Between the retreat from Dunkirk in 1940 and the Normandy landings in 1944, Britain was not fighting a land war in Europe and most of its Army was at home polishing its boots: the Middle East and North Africa did not empty Britain of troops, partly because Indians and Poles and other proxy groups were fighting there for us.
But Britain's Navy was busy destroying and neutralising Germany's, blockading Germany but keeping the shipping lanes open for the movement of Allied troops and material, military and civilian. Britain continued to import vast amounts from its Empire and its friends in countries like Argentina.
The Air Force bombed Germany from ever greater heights and with ever greater effect, deploying aircrews under the command of Arthur "Bomber" Harris which included Czechs, Poles, Australians, Canadians and New Zealanders. Planes were built in Canada as well as the UK and shipped over. From 1941, the RAF was joined by US planes flying under US control from bases in Britain.
Area bombing killed German civilians in vast numbers, but an even nastier war was fought on the ground in Eastern Europe - in the Bloodlands to use Timothy Snyder's expression - where the Red Army and the Wehrmacht were pitted against each other and where the latter was enmeshed with a vast organisation for enslavement and extermination of the local populations.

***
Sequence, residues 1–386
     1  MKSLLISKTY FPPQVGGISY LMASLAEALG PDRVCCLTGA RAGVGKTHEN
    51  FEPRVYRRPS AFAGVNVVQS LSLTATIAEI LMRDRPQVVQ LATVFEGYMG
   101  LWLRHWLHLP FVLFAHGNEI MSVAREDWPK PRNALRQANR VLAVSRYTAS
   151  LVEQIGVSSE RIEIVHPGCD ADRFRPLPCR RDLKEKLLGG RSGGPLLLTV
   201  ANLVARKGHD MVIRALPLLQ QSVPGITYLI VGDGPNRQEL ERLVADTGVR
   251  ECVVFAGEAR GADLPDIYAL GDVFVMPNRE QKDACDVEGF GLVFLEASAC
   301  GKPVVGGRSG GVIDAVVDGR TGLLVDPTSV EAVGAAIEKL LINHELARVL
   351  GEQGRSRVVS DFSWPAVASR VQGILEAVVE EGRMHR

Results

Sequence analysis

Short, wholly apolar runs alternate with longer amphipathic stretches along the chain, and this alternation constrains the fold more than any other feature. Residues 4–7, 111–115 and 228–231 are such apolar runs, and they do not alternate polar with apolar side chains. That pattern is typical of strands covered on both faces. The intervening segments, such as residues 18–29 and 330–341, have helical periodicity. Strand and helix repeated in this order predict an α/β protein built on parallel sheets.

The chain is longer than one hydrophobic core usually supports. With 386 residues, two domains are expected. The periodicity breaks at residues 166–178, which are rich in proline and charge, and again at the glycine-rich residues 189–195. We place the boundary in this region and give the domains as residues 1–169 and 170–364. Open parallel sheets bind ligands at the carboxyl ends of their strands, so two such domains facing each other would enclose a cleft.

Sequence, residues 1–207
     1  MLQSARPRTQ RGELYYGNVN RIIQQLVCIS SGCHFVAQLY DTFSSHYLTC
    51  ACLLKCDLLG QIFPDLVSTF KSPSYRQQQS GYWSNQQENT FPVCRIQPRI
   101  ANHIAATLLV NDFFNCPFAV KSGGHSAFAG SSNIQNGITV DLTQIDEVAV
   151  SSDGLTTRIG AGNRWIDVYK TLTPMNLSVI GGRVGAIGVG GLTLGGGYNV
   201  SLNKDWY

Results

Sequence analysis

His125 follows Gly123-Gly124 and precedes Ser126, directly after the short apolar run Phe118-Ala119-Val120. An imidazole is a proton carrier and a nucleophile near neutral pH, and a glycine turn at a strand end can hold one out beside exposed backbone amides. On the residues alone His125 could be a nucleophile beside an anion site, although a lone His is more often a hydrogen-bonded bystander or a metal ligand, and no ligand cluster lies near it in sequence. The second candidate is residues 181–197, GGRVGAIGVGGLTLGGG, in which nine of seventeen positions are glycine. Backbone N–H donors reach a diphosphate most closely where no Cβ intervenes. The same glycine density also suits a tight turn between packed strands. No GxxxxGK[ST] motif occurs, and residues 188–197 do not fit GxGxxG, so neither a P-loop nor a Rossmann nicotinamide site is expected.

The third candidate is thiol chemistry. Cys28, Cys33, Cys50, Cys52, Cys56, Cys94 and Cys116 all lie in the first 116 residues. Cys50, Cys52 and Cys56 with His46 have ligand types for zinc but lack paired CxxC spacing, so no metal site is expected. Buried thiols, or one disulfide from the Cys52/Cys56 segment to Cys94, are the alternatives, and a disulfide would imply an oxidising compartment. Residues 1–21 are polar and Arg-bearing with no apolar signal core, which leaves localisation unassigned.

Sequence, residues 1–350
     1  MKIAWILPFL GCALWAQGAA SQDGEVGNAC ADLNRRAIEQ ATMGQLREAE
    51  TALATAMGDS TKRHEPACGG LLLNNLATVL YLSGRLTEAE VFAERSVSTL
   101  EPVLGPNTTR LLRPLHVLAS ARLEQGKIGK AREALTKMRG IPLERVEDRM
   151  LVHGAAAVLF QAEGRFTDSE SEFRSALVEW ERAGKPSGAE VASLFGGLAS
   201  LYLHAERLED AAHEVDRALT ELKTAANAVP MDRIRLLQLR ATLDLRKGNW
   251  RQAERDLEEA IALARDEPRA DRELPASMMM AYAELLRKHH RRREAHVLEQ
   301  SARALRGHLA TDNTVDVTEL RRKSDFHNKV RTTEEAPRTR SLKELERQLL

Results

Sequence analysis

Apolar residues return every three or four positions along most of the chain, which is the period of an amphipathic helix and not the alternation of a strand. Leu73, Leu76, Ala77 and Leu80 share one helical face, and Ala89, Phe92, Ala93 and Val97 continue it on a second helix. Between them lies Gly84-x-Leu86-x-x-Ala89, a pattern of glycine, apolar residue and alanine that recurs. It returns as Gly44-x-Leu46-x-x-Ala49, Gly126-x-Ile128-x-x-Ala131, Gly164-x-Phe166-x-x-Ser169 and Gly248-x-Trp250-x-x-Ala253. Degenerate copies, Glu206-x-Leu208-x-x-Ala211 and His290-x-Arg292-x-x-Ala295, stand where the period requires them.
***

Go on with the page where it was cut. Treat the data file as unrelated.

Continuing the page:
People in Britain never experienced anything a fraction as terrible as the RAFs carpet bombing or as horrific as what happened all over Eastern Europe. They did not live in fear and they did not go hungry. Not many were killed.
A confident war-time government in the UK felt no need to suspend the democratic process: elections took place and fierce debates in Parliament. It felt able to buy freely on credit from the Dominions and Colonies, which built up vast sterling balances in London. It created a vast, well-funded and generally well-oiled war machine.
David Edgerton's book is full of intriguing detail about that machine - about how it was created and managed, about its productive capacity, and about its shortcomings.
All the initial reviews of this book see it as a game-changer, offering a fresh paradigm for thinking about the War the British fought. Edgerton's principal thesis and leitmotif is that Britain "was never alone and never had to fight a total, people's war of the sort that was fought on the Eastern front" (p 302)
This seems true and important, though much of the actual book is taken up with thumbnails and what are basically Lists. These do not so much sustain the main thesis as illustrate how Churchill's government ran the business side of the War - deciding on weapon priorities, getting the right weapons produced in the right numbers, ensuring improvements were made, responding to changes in the enemy's military capacity, and so on. This is interesting and brings into focus the work of thousands of engineers, scientists, businessmen and scientific civil servants who together organised a vast, functioning war machine of new factories and research establishments.
I did feel that one of my own beliefs had to be revised. I had thought that the War opened careers to talents - that to some degree it broke down the class system simply because Britain could not afford to sustain the incompetence and inefficiency it entailed. Edgerton, by contrast, sees continuity between pre-war and war time institutions and practices with public school boys, mostly Tories and cronies, running the shows that mattered. There are a few Lefties and working class boys in Edgerton's story. There are no women.